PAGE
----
Sunday, March 15, 2009

"Family Planning" and "One Night @ the Call Center"

Over a longish stretch we decided to read two very different books, for somewhat different reasons. Many thought that Family Planning looked promising, and the interest in One Night @ the Call Center was to see what all of the hubub in India was, being that this was such a bestseller for so long.
In a surprising turnabout, it seems that FP was less well received than ON@TCC, but this may be due to the expectations preceding each title. I think only Kate P. was an out and out supporter of FP. KP felt that the book was written excellently in the voice of teen boy(s), and found there were many laugh aloud moments throughout. Others felt that there was not enough plot, that the writing was immature to some extent. One readers (or group's) jejune writing is another reader's brilliant stylings, I guess. It might also bear noticing that many people did find it fun to read and very funny at many points, and it brought out one question in this reaser's mind- can humorous writing ever be taken as seriously as tragic or dramatic writing? It has been noted that the Oscar for best film has not ever been given to a comedy, for example, even though comedy is perhaps the most challenging form to work in, and so easy to fall flat.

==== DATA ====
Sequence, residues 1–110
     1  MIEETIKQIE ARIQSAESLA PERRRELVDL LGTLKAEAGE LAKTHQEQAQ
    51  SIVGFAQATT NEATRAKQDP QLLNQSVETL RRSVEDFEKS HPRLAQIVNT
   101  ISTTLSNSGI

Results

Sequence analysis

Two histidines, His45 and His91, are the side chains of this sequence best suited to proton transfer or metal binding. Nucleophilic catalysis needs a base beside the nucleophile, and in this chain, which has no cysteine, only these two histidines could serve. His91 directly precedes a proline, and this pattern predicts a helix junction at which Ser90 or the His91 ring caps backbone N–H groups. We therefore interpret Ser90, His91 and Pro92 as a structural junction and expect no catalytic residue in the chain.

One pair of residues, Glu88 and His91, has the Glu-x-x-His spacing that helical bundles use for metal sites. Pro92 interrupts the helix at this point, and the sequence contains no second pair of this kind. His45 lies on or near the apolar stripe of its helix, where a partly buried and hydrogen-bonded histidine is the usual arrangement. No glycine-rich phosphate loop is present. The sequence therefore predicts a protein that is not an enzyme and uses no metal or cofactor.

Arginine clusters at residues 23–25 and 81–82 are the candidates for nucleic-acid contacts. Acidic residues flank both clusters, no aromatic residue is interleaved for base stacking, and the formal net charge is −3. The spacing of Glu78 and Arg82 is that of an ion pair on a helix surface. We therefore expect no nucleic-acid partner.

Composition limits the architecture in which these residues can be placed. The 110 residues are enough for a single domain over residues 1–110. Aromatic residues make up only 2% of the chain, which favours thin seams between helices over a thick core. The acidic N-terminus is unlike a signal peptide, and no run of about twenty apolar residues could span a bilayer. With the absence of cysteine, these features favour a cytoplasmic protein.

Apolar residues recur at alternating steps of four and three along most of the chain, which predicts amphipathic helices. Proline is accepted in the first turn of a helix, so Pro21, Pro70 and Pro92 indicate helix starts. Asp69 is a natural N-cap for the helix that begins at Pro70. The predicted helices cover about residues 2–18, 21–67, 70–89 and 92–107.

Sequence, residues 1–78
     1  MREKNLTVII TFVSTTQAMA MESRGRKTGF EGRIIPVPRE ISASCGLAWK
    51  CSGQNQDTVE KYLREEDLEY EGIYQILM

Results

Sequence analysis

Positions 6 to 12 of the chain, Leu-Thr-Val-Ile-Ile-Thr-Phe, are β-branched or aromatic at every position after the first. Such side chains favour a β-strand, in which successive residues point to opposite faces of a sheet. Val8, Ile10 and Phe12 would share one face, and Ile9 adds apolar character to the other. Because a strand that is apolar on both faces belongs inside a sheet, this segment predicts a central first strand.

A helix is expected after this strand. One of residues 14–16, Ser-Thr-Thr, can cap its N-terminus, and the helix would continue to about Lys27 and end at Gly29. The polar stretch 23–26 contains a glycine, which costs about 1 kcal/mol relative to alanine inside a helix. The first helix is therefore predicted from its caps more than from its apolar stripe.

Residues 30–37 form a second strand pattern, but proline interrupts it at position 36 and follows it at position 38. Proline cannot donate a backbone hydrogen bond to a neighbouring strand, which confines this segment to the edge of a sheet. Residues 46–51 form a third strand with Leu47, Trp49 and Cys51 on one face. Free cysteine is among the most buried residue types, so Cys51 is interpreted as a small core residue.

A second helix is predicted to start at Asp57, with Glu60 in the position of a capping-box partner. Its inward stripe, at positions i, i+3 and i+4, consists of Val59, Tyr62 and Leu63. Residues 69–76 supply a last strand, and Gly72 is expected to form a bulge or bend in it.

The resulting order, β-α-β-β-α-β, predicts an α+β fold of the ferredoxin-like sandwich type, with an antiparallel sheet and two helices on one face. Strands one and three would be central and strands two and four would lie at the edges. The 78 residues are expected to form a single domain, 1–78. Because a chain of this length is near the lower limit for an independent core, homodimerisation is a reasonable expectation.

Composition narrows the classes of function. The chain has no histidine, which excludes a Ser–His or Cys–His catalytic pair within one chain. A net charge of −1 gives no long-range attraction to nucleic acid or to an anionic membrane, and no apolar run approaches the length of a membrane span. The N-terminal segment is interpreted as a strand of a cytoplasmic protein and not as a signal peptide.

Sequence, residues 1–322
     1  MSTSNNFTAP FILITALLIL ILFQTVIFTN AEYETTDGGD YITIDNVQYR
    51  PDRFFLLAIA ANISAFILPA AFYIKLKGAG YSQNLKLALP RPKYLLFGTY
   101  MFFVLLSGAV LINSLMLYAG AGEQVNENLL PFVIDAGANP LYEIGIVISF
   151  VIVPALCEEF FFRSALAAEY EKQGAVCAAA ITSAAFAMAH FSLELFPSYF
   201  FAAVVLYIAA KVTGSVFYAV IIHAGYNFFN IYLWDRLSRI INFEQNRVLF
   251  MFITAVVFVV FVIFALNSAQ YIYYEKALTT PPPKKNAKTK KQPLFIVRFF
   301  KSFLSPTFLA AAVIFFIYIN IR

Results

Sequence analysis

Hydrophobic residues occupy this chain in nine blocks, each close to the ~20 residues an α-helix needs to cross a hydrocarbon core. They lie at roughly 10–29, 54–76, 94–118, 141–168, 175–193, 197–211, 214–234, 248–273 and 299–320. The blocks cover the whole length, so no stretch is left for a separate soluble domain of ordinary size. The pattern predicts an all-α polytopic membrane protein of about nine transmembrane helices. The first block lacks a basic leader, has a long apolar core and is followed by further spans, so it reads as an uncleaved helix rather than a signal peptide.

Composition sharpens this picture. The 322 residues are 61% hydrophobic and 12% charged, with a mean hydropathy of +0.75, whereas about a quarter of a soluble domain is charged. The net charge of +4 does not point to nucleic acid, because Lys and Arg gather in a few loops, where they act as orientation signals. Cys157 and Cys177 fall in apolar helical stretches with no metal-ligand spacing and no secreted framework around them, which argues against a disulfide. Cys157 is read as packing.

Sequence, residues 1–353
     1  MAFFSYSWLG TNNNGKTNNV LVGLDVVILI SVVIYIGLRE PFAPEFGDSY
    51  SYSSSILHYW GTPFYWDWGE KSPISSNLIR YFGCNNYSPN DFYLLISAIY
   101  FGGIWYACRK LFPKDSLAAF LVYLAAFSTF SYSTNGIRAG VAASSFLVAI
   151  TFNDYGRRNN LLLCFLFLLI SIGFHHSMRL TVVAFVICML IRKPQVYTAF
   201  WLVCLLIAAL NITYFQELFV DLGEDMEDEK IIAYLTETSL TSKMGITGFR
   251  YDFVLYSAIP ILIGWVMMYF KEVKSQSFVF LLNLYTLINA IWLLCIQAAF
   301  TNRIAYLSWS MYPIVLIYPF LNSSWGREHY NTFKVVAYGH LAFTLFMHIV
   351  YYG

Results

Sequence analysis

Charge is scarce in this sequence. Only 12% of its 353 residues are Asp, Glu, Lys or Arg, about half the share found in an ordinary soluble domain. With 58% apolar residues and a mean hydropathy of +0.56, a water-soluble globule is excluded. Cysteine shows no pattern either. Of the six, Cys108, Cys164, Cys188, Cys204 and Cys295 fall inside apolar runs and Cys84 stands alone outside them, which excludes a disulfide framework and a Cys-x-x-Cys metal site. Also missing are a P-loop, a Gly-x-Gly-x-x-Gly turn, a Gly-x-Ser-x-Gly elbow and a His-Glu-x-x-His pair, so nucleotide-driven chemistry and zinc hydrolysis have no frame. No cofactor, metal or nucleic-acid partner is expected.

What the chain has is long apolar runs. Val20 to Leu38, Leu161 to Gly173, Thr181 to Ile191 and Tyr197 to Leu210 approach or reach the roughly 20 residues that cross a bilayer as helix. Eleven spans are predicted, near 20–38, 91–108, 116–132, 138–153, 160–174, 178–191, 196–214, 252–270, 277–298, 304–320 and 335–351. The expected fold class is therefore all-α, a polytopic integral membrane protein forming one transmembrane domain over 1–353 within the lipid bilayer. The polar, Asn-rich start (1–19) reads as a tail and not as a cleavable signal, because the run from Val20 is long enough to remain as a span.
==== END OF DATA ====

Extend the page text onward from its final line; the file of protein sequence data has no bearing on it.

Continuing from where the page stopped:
Regarding the second title, Call Center, there was some discussion of the political or social content of the book, and regarding its popularity, what seems to be a tiny bit of soul searching per what is being bought and sold in India's "best and brightest". None of us went in expecting literary fiction at any rate, so this will sound overblown, but there were a few surprises nevertheless. It cannot be seriously recommended as a work to read, and there are moments where the telenovella style writing make it unintentionally funny.

Friday, January 30, 2009

Jaipur Literature Festival- let's go in 2010!

Note the lines by Nadeem Aslam: "Mueenuddin mused on the tremendous changes in Pakistan and how that causes a sort of “premature nostalgia,” and the urge to commit it all to print, to pin down a precious, disappearing world. In Aslam's words, it's like “writing very fast with a quill whose other end is on fire.'”

Tuesday, January 13, 2009

Sea of Poppies by Ghosh and Love Marriage by V.V. Ganeshananthan